At the ripe-old age of nineteen, I failed to understand the paradox that was Vietnam. I believed for years this failure exposed a serious weakness in my cognitive abilities; after all, like my predecessors who had worn the same uniform, I was fighting for the freedom of all Americans, wasn’t I?
For many more years I routinely swallowed my daily hallucinogenic: "everything will be OK just as soon as we elect the right people." My blind devotion to the state would not allow me to entertain any alternative thoughts.
Then it happened: I was surfing through the Internet one day pursuing my love of history and somehow found myself looking at a website called, LewRockwell.com. As best I can remember, my fondness of all things Southern led me to an article there by Professor Thomas DiLorenzo. My grandfather had taught me since early childhood that Abraham Lincoln was a tyrant; Professor DiLorenzo gave me meat I could bite into and long sought after evidence my grandfather had been correct.
While my grandfather hated Lincoln because he was a "damn Yankee," that had been insufficient evidence for my public school teachers whose classrooms were adorned with pictures of the tyrant. After all, pennies and five-dollar bills contained his likeness, and he freed the slaves didn’t he? Who could doubt these giants of academia; hadn’t the state made it mandatory for me to attend school so I could learn the truth?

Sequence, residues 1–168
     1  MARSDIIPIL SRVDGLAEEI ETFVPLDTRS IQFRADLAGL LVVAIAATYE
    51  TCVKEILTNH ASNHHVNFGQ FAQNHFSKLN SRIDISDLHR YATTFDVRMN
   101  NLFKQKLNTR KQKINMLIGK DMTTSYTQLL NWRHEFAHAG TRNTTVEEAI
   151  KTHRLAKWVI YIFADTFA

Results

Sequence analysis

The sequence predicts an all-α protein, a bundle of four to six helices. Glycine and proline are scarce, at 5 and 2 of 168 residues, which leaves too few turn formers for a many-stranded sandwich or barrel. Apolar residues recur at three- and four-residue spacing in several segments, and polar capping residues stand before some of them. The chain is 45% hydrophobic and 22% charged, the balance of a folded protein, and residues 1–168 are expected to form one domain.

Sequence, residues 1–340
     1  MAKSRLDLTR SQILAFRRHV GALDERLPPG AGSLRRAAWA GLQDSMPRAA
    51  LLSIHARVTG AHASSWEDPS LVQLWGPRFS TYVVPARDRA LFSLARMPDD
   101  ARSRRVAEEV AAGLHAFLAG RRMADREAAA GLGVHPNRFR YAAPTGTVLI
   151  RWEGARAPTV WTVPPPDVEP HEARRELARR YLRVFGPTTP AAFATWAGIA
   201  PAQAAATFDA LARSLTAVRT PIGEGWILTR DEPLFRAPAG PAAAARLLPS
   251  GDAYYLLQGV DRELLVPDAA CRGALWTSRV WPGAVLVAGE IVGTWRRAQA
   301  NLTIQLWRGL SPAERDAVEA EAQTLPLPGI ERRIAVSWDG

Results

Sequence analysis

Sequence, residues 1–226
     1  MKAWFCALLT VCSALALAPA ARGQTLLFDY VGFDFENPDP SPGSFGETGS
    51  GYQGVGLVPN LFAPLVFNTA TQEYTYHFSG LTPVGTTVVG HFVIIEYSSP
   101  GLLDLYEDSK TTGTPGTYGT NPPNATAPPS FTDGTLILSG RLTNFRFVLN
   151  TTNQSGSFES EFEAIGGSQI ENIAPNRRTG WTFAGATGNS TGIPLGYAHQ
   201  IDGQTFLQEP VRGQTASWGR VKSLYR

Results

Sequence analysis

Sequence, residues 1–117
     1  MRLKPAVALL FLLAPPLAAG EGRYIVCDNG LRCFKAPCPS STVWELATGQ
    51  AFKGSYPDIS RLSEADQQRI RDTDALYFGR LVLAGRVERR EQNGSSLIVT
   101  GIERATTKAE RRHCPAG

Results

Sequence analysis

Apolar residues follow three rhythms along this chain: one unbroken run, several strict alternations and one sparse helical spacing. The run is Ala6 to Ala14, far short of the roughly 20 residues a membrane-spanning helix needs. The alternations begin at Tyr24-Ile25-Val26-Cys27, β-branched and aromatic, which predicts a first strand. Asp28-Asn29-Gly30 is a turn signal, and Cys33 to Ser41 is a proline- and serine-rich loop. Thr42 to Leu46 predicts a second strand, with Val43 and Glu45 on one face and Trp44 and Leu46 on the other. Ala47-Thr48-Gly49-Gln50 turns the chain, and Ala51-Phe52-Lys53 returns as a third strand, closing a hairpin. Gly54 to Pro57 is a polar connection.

Like Lay’s Potato Chips, at LRC, one cannot have just one. I read for hours and went back and forth referencing what I had read to other sources. In a very short period of time I discovered Professor Butler Shaffer’s Wizards of Ozymandias. That was the clincher; I was done. I couldn’t believe it; answers to questions that had gone unanswered in my mind for decades.
Like all strong medicines, with LRC I experienced side effects that were severe: I began to have a rudimentary understanding of free market economics and enjoyed reading articles about it. I questioned everything I had been taught about freedom and liberty and began to understand the term "brainwashed."
All this brings me to the point of this article: I began to see how this once great country had become the rotting corpse of what had been intended by our founders; I understood what my grandfather meant when he said this country was founded in 1776 and died a most painful death in April of 1865. I understood why I no longer looked on that red white and blue banner with the same reverence and why my stomach became upset when I would hear the phrase "the land of the free and the home of the brave" and watch the ignorant scream and cheer.
What I saw yesterday confirmed what I came to believe some years ago: criminals control our government and there is no political remedy to the problems we face. Yesterday, I heard the Vice-President of this country admit to war crimes, crimes we hanged foreign leaders for in the aftermath of WWII. He not only admitted to the crimes, he embraced them as "remarkably successful."
We have become that which we hated, despised, and supposedly fought a war to defeat over sixty years ago, charring some 72 million souls in the effort.
Lew and his fellow lovers of true liberty helped save me from having to prostitute myself with others of the so-called "right" and those Christian warmongers who will continue to support Cheney, his fellow criminals and their admitted crimes.
For that I am truly grateful.
Michael Gaddy [send him mail], an Army veteran of Vietnam, Grenada, and Beirut, lives in the Four Corners area of the American Southwest.